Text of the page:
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    Lynn David Research Professor of Government Procurement Law, The George Washington University Law School (USA)
    Christopher R. Yukins serves as Co-Director of the Government Procurement Law Program at The George Washington University Law School, and has taught there on contract formations and performance issues in public procurement, bid protests and claims litigation, state and local procurement, anti-corruption issues, foreign contracting, procurement reform, and comparative and international law. He has spoken as a guest lecturer at institutions around the world, and he was a contributing editor to the UN Office on Drugs and Crime manual, Guidebook on Anti-Corruption in Public Procurement. He is an active member of the Public Contract Law Section of the American Bar Association, and is a member of the Procurement Roundtable, an organization of senior members of the U.S. procurement community. He is a faculty advisor to the Public Contract Law Journal, is a member of the editorial board of the European Procurement & Public-Private Partnership Law Review, and is on the advisory board of The Government Contractor. He has worked on a wide array of international projects on capacity-building in procurement, and he was an advisor to the U.S. delegation to the working group on reform of the United Nations Commission on International Trade Law (UNCITRAL) Model Procurement Law. Together with Professors Steven Schooner and Karen Thornton, he runs a colloquium series on procurement reform at The George Washington University Law School. In private practice, Professor Yukins has been an associate, partner and counsel at leading national firms; he is currently counsel to the firm of Arnold & Porter Kaye Scholer LLP.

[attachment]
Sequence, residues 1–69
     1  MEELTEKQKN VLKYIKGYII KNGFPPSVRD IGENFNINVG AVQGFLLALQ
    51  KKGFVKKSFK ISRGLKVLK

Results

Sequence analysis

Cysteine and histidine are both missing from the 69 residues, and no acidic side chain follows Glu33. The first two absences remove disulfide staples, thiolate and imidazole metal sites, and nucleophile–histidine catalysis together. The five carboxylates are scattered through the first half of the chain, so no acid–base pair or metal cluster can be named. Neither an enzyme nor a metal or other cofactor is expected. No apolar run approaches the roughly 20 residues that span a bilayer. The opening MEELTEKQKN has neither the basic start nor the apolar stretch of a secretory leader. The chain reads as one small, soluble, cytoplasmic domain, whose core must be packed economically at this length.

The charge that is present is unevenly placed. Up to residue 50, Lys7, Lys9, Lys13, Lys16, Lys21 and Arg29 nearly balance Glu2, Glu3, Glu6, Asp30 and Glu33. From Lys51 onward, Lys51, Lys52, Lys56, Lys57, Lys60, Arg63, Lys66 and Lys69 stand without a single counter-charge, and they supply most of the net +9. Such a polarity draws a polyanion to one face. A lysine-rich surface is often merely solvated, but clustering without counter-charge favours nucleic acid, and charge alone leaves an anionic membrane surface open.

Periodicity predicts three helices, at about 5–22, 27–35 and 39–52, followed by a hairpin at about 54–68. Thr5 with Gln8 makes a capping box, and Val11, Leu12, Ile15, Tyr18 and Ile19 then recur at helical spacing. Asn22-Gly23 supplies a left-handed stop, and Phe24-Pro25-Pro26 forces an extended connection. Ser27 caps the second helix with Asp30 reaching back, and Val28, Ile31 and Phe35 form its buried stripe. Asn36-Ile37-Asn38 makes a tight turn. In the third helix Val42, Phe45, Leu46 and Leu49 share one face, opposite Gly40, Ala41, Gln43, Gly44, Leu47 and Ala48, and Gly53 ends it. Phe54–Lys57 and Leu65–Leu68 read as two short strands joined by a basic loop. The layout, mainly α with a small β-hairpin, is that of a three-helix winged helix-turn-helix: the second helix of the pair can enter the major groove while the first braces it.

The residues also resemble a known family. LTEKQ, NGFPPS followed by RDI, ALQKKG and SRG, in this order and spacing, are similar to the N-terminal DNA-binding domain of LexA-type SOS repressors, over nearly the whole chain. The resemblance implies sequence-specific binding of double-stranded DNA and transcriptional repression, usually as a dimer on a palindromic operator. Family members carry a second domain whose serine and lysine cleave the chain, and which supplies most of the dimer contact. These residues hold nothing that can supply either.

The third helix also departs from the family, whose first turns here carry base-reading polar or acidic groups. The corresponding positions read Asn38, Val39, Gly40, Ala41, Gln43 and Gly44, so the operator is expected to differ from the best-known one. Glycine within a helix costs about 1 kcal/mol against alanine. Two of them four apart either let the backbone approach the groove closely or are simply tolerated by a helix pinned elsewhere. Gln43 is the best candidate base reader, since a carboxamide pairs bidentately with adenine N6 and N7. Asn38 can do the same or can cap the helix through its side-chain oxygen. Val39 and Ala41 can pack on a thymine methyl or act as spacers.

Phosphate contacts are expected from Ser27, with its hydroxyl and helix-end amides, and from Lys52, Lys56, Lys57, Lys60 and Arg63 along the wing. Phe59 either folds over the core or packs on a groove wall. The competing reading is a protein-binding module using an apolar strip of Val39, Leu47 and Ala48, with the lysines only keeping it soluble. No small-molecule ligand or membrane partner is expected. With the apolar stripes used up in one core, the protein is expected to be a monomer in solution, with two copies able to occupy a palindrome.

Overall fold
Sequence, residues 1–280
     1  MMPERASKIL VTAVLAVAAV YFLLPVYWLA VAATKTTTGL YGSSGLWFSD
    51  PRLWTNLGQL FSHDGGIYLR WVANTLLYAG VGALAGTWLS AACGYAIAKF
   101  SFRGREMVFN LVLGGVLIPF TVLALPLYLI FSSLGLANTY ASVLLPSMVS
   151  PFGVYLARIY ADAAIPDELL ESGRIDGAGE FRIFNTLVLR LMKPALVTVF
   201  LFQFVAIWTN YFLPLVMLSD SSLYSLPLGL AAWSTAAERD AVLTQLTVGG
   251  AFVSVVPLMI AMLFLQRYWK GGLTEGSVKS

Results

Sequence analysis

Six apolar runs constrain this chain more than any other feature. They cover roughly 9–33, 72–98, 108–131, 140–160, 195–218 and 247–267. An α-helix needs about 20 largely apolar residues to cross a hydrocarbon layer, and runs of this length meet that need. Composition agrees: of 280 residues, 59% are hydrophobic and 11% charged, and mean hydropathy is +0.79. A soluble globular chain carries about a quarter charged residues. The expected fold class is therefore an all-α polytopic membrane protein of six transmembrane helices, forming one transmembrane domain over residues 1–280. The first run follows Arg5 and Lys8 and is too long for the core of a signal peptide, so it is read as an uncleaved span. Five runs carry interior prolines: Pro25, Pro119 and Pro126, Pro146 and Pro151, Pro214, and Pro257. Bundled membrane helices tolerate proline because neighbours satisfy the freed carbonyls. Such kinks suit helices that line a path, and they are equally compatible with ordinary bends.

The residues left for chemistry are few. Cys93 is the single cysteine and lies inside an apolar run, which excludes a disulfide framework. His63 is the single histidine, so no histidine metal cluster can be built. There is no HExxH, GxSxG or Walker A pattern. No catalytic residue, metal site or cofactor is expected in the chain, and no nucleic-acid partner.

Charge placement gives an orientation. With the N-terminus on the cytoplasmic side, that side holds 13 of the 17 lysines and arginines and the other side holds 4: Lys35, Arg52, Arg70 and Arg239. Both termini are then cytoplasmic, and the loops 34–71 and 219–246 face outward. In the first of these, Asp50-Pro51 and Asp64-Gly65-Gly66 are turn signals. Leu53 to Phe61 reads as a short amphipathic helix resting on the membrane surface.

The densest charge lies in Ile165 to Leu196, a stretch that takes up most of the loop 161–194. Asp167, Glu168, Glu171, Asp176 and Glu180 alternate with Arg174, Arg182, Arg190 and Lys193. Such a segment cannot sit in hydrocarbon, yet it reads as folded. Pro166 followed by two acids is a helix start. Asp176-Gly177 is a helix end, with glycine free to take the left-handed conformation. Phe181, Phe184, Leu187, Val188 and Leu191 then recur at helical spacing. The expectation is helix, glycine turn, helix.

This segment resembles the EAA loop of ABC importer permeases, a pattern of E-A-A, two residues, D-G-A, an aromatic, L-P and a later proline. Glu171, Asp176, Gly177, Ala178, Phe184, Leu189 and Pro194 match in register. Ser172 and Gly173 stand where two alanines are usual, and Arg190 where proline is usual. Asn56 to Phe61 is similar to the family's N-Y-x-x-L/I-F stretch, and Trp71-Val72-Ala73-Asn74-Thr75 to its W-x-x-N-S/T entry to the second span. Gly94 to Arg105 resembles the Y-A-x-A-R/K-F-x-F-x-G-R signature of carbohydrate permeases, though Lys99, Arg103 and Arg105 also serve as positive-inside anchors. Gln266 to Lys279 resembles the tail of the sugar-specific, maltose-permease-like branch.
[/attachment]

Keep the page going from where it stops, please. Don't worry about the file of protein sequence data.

• Date: September 14, 2017
  • Time: 9:00am to 6:00pm
  • Location: The World Bank, 1818 H St. NW, Washington DC 20433
  • Room: Preston Auditorium
  • CONTACT: Haiyue Xue